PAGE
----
But, if you have a choice between two cameras of different formats and different megapickles, go with the bigger format. (With, of course, the usual caveats that sufficient technology age can skew the results.)
Except 1D MK III vs 7D.
Oh wait, the 1D MK III ist two years older, I can't compare them ...
Just joking... as you said, due to technology developments (and other reasons, as discussed) it doesn't make sense to compare sensors only in regard of size. (And likewise the whole thread doesn't make much sense IMO).
Eh, not exactly.
Until relatively recently, comparing formats was commonplace and trivial. The exact same film you loaded in a cartridge into your SLR was being used in large format backs. And you really had to be clueless in those days to insist that you could get the exact same quality out of the smaller format.
We've been in a rapid growth phase in the digital world where, in about a decade, we're seeing quality improvements comparable to what used to only be achieved by going with a larger format. The latest-and-greatest APS-C sensors have basically caught up with the earliest full-frame sensors. Those first full-frame sensors were going toe-to-toe with medium format film; today's full-frame kits outperform the view camera that Ansel Adams used -- and today's high-end medium format kits surpass anything anybody's ever had access to, perhaps with the exception of some of the insane custom setups.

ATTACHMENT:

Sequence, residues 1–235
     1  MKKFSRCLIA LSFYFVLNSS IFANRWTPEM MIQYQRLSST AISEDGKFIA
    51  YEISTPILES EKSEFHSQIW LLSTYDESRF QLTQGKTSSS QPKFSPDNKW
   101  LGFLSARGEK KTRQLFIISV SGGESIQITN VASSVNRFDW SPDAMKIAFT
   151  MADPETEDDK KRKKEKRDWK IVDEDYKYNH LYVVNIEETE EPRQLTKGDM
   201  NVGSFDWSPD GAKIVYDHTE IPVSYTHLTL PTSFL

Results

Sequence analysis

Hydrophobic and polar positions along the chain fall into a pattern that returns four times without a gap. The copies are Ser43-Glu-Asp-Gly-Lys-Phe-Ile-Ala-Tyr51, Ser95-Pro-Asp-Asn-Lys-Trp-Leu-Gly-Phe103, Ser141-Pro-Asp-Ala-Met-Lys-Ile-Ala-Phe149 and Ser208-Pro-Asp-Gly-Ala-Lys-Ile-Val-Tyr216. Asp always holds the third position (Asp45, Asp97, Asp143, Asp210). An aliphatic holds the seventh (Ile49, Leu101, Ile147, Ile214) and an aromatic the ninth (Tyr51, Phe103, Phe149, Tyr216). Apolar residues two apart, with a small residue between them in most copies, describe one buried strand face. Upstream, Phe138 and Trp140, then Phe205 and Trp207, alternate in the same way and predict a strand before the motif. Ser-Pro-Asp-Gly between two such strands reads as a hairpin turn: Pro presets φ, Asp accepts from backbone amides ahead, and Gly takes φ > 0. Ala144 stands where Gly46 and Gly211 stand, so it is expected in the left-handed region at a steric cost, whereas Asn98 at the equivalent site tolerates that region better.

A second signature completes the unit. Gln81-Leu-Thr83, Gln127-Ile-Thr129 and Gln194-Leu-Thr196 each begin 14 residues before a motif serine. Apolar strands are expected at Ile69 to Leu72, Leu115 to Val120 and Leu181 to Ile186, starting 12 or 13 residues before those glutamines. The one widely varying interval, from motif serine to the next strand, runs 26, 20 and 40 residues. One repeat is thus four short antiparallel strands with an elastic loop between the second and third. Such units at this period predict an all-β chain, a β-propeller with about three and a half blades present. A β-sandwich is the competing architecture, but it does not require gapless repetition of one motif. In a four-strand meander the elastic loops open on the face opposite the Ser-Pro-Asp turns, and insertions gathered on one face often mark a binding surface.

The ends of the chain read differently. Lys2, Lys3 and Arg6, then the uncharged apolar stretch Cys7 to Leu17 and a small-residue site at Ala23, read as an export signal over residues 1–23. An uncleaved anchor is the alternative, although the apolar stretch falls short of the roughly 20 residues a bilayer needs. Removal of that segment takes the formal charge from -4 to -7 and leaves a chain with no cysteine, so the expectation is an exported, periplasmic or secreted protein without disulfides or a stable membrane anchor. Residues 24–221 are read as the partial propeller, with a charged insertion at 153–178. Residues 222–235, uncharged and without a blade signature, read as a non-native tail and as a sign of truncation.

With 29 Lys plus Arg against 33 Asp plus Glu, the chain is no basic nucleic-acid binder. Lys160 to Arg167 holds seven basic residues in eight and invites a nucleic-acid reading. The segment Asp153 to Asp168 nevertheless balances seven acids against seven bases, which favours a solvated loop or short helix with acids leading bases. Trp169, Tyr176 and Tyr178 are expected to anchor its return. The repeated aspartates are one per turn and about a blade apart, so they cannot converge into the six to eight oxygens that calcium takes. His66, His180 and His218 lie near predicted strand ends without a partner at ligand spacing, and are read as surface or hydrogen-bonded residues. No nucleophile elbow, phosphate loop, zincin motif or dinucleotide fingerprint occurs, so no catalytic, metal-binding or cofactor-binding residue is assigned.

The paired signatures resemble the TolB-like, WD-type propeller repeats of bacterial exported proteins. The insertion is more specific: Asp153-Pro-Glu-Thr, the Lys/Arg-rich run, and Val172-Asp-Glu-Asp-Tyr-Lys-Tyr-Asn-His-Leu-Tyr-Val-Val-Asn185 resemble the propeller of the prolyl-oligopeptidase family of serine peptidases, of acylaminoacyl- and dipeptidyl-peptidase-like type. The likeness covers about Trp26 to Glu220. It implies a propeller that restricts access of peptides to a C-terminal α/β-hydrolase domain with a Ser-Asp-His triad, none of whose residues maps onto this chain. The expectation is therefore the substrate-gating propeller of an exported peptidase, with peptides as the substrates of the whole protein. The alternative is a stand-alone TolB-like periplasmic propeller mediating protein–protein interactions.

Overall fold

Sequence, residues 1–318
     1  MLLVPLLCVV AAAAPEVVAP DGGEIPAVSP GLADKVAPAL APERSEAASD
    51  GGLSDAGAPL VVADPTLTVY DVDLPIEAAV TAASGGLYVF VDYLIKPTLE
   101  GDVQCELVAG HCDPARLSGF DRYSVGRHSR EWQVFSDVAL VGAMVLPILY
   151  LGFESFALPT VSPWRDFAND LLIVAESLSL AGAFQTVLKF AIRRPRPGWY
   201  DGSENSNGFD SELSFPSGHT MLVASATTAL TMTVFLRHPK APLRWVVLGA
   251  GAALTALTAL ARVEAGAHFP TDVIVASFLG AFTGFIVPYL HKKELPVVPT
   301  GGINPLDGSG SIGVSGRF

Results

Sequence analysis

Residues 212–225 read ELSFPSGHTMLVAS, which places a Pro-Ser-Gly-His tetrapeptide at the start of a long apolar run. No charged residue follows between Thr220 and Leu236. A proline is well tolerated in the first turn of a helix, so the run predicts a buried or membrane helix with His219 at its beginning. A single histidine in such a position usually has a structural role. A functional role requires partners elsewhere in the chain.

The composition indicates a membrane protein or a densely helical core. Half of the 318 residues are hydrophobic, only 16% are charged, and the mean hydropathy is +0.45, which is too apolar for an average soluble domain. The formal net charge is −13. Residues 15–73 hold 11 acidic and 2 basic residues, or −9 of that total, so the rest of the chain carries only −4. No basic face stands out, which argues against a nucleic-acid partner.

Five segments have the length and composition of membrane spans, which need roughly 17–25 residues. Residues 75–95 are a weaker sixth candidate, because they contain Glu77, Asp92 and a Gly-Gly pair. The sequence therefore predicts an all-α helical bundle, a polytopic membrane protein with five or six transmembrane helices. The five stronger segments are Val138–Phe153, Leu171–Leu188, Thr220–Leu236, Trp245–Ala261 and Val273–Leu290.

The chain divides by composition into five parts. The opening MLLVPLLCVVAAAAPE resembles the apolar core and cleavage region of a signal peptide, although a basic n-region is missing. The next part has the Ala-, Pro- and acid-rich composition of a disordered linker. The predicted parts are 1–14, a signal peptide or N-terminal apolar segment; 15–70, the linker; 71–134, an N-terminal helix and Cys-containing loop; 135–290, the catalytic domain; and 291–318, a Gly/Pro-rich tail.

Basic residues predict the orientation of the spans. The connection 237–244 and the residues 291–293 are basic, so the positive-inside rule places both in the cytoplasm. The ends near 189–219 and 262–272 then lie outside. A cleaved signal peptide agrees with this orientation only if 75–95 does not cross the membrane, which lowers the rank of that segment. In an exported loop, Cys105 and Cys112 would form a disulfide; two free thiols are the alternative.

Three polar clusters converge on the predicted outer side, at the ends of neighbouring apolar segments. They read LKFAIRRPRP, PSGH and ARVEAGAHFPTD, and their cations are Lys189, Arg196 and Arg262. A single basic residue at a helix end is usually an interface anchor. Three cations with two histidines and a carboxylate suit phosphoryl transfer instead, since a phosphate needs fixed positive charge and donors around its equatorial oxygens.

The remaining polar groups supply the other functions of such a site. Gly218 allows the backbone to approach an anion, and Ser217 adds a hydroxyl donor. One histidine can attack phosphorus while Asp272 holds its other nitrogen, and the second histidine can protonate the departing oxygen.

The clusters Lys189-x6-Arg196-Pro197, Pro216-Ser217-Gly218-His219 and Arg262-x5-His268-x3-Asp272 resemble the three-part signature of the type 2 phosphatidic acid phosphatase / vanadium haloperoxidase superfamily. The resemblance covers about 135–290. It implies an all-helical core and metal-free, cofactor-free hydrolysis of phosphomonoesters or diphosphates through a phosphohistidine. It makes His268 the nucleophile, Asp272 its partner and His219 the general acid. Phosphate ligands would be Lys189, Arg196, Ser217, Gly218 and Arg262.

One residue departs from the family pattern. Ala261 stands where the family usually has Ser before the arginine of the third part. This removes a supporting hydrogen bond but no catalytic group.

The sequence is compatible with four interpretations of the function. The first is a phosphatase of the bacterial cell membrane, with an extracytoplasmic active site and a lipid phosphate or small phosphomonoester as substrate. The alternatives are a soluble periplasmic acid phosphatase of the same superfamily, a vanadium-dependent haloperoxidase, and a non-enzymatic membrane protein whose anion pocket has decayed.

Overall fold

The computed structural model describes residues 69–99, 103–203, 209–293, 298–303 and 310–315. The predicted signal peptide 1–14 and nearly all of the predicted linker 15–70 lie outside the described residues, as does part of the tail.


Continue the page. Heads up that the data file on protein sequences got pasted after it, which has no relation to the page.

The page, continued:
However, there's very good reason to suspect that this age of rapid growth is just a phase, and that it won't be all that long (historically speaking) before it'll come to an end. Eventually, we'll be back to marginal improvements, and all camera sensors will have roughly the same pixel densities and noise characteristics and the like. When that day comes, once again, the defining characteristic will be format size, not sensor technology.
And we even see that to some extent today, within a manufacturer's lineup. Canon's currently-produced full-frame cameras outperform their currently-produced APS-C cameras by about a stop or so (what you'd expect), and the same is true with Nikon's full-frame v
APS-C, and Sony's, and Leica's, and so on. Between manufacturers the lines aren't always so clear...but, then again, there were always wars between Kodak and Fuji films.